Started by RiverAux, January 21, 2015, 10:47:18 pm
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Quote from: Larry Mangum on January 22, 2015, 02:19:15 pmWhen a wing averages only 83 hrs a year on their air frames and they have 10 of them, they probably do need to rotate the aircraft around.
Quote from: AlphaSigOU on January 22, 2015, 04:56:16 pmHI WG aircraft are tightly integrated into their civil defense system... they're equipped with airborne loudspeakers to warn people about approaching tsunamis.
Quote from: bflynn on January 22, 2015, 03:59:49 pmThey have 10 squadrons. I'd say maybe they have too many aircraft.Hawaii is a very different place. People don't like things to change, especially if they view the change as detrimental to them. Both Maui and Kauai planes were recently moved, only Oahu (6 squadrons) and Hawaii (2 squadrons) have airplanes now. I don't know, but I'd take a guess that 7 or 8 of the wing's airplanes are on Oahu, an area half the size of Rhode Island. Seems like a very dense concentration.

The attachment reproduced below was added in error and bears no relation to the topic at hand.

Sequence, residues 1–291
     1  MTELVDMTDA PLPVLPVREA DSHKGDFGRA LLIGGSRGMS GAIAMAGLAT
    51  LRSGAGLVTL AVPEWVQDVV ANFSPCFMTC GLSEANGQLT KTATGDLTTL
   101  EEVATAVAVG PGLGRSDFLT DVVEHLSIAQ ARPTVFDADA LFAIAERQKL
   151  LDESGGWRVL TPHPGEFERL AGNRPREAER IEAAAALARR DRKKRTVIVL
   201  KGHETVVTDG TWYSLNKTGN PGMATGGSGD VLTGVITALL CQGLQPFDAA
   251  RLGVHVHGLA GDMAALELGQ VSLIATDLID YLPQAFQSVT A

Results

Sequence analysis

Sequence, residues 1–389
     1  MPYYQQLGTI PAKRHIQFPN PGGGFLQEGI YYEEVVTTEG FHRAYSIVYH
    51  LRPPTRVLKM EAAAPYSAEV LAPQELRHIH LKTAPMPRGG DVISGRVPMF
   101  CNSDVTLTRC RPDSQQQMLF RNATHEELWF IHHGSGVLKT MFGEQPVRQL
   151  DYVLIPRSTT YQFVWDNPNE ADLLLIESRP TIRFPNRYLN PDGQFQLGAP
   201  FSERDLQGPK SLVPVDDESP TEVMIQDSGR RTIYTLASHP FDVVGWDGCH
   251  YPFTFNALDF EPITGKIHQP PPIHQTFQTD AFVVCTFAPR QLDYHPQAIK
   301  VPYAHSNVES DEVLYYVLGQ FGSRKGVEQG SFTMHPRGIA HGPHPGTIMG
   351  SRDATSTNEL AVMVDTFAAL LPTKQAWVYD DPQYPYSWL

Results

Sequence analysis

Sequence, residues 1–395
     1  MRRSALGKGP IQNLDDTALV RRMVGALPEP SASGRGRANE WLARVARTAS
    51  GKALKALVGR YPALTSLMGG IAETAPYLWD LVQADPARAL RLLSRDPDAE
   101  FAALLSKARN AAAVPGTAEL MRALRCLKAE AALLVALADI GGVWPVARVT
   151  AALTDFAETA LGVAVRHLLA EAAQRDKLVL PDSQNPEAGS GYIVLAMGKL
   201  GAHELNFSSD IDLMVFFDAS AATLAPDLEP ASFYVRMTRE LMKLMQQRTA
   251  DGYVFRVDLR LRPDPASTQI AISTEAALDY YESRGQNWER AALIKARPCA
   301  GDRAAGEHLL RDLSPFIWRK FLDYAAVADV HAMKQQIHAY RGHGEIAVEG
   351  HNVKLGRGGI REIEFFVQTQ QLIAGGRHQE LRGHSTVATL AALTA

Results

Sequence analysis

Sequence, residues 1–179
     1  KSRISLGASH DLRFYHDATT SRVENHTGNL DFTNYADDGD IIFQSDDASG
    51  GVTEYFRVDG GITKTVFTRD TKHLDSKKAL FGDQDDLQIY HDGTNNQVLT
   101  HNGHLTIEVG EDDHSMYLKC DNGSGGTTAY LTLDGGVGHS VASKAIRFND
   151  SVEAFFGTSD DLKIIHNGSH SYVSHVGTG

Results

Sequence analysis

Quote from: AirDX on January 23, 2015, 09:03:33 amI'm the HNL squadron commander and wing assistant director of operations. We did indeed fail a CI, however we closed the open items and were fully successful on a re-CI in March 2014. I was wing director of safety through that process, as well as a few months as wing chief of staff. So the CI is pretty old news.There are 4 aircraft nominally based on Oahu, with 5 squadrons on the island, 3 composite, 1 cadet, and 1 senior. 3 of the aircraft belong to me, though one of them has been farmed out to Hilo on the Big Island for nearly a year and a half, as theirs has been in a prolonged engine change. Maui has had no aircraft as theirs is in extended maintenance, and Kona is the same. No aircraft have been moved at this point, other than the one I mentioned above, on loan. They certainly will be if necessary. It's hard to get to the magic 200 hours/aircraft with 40% of the fleet NMC for months at a time.The personnel issues I won't comment on. We remain fully mission capable, if a little strained by NMC aircraft. The tsunami warning routes can be covered by other aircraft. We will typically have 6-10 hours of warning time of a tsunami. That's plenty of time to launch and fly tsunami route A, recover, refuel and launch to fly tsunami route B. Some routes, the two on Oahu for example, can easily be flown by one aircraft, which could continue unrefueled to fly still a third. That's a decision I'd make with my IC hat on based on crewed and ready assets at the time.We may have our problems, but they are no more than most wings.
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